IMO Calls For Public Debate on Universal Health Coverage

Media Release 9th April 2010 – IMO Annual General Meeting

The Irish Medical Organisation believes that Government policies encouraging the development of private hospitals and private health insurance have sparked fears that health care in Ireland may be steering towards the US model rather than the European model.

Launching a position paper on Universal Health Coverage at the IMO Annual General Meeting in Killarney, IMO President, Professor Sean Tierney said; “With mounting pressure on the health care budget, due to the global downturn and demographic change, the fear of lack of services has pushed the debate on universal health insurance firmly onto the public agenda”

Prof. Tierney said; “Whatever changes are introduced to health coverage in Ireland, the process by which change is brought in must include:

  • Informed public debate
  • Consultation with all relevant stakeholders, including patients and doctors
  • Detail of the proposed model including funding sources
  • Analysis of current and future manpower resources required for implementation and a realistic time-table for implementation.

“There must be widespread support and commitment to a model that will last over time and be protected from changes in political agendas. Therefore, the advantages of any new system, as well as the time and resources needed to implement change, must be clearly communicated to the public.”

He said; “Despite the increase in public health care expenditure Ireland’s health system faces a number of issues and challenges including access to services, inequity and sustainability.”

In his annual address to the conference, IMO Chief Executive said; “I would warn against any attempt by the State to try and use the private health system to shore up an under-funded public health services. Privatisation in the area of health has been proved to be a failed ideology across the world and can only ever benefit the better off.”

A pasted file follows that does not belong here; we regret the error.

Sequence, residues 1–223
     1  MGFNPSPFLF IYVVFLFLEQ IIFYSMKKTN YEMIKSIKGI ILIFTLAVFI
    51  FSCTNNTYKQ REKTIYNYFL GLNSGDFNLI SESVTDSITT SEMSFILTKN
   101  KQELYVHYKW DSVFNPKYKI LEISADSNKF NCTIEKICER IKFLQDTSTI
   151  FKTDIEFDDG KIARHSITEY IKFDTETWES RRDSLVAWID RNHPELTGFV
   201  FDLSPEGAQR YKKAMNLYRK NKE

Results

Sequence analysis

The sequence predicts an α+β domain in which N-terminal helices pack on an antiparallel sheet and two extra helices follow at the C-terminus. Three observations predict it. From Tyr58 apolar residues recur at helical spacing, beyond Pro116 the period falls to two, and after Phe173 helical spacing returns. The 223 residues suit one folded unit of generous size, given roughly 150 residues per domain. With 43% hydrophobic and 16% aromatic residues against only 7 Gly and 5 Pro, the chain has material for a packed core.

He added; “While we acknowledge the role of private medicine in Ireland and the part it has played in the provision of some services, private medicine is not and cannot be a substitute for a publically funded system. Neither is there a case for selling off our public health services to private entrepreneurs, as some people now advocate.”

The IMO have outlined broad principles in their position paper which should form the basis of a universal health care system, these include

  • Universal access to adequate healthcare for all
  • Health services that are free at the point of access
  • Equity of access
  • Solidarity
  • Transparency
  • Quality of care and value for money
  • Choice and Mobility
  • Clinical Autonomy
  • Efficiency
  • Affordability
  • Sustainability

Prof. Tierney said; “The IMO is committed to a universal healthcare system that aims to secure access to adequate quality healthcare driven by professional patient centred values. Healthcare that is there for all when they need it and at an affordable cost.”
 


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